S. Korea says no need to respond to Pyongyang’s ‘hackneyed’ claim
South Korea’s military on Thursday flatly rejected North Korea’s claim that the South mistook construction work blasting for coastal artillery near their tense maritime border the day before.
North Korea accused the South of making up a story to worsen inter-Korean tensions.
Seoul’s Joint Chiefs of Staff said that the North on Wednesday fired five artillery shells on two occasions ― at 1 p.m. and 7:46 p.m. The firing was the first since the North shelled Yeonpyeong Island last November, killing two marines and two civilians.
Two of the five shells landed near the Northern Limit Line, a de facto inter-Korean sea border. In response, the South Korean military fired three shots each at around 2 p.m. and 8 p.m. toward the NLL with its K-9 self-propelled howitzers.
“Taken aback by the blasting sound, South Korean military warmongers behaved indecently by fabricating a story in which they said we made artillery provocations,” a colonel-level North Korean officer told the Korean Central News Agency.
“As the construction has begun in earnest with an aim to enhance the life of the people in South Hwanghae Province close to the five northwestern border islands, the normal explosion work was carried out.”
He also added that the “fabrication” was made deliberately as the South Korean military seeks to put the two countries on a path of confrontation and block dialogue, the mood for which has been building on the peninsula.
Early in the day, the North has faxed a message to the Defense Ministry here to deliver the same message carried by the KCNA.
“We judged that we don’t need to respond to such hackneyed claims. We don’t feel it is worthwhile to make any mention about such unilateral arguments from the North, which are far from the truth,” said a ministry official, declining to be named.
The artillery firing came as the two Koreas were working to improve their relationship, which plunged to its lowest level since the sinking of the corvette Cheonan and the artillery attack on Yeonpyeongdo claimed the lives of 50 South Koreans last year.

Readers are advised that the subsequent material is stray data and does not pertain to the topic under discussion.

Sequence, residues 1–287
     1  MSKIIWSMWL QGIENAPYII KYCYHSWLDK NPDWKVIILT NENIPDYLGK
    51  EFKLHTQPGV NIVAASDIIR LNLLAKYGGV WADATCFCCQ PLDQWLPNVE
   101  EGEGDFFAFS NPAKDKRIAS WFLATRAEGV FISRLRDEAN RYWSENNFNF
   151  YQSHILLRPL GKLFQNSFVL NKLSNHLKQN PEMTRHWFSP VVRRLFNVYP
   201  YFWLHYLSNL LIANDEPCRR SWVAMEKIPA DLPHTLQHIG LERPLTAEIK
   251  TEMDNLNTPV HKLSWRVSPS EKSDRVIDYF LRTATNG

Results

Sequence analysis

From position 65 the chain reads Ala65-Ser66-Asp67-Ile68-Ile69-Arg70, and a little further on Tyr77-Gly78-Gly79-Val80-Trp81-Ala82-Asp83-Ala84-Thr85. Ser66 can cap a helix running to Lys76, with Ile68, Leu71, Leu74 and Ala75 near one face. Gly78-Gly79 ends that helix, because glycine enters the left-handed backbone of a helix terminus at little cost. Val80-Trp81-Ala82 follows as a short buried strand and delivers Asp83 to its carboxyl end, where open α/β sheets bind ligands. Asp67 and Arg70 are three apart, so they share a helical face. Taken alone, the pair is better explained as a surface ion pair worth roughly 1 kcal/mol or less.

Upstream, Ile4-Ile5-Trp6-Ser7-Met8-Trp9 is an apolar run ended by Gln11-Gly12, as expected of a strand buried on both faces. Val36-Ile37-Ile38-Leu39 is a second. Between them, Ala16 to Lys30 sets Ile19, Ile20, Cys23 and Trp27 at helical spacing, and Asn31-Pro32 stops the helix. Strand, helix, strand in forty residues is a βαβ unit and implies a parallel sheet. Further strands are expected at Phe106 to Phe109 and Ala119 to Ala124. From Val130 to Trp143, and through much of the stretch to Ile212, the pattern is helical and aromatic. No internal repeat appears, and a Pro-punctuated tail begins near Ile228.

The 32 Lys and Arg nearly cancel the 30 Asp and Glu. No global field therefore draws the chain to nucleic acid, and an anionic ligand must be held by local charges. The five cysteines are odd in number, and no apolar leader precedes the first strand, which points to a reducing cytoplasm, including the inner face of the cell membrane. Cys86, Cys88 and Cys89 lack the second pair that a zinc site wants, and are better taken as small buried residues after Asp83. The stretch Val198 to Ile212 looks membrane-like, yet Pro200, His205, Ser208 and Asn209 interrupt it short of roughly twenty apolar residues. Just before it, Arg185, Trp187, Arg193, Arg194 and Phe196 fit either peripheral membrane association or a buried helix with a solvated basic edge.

Some experts raised the possibility that the firing was carefully calculated to achieve several goals.
They said that the communist state might want to see how the new command dedicated to safeguarding the five northwestern border islands would respond to North Korean provocations.
The command was established in June to better deal with North Korean provocations in the West Sea. The 5,000-strong command under the JCS control is now headed by the three-star commander of the Marine Corps.
Some others claimed that the North might have sent a warning ahead of the annual South Korea-U.S. joint exercise, which it has denounced for seeking to bring down its regime.
The Ulchi Freedom Guardian is scheduled to take place from Aug. 16-29. The command post exercise is based on computer simulated war games, which demonstrate the two militaries’ Operation Plan 5027 centering on a scenario of an all-out war with the North.
About a year ago, the North fired some 130 artillery rounds. Around 10 of them landed south of the NLL. Only three months later, the North launched the unprecedented attack on Yeonpyeongdo.
By Song Sang-ho (firstname.lastname@example.org)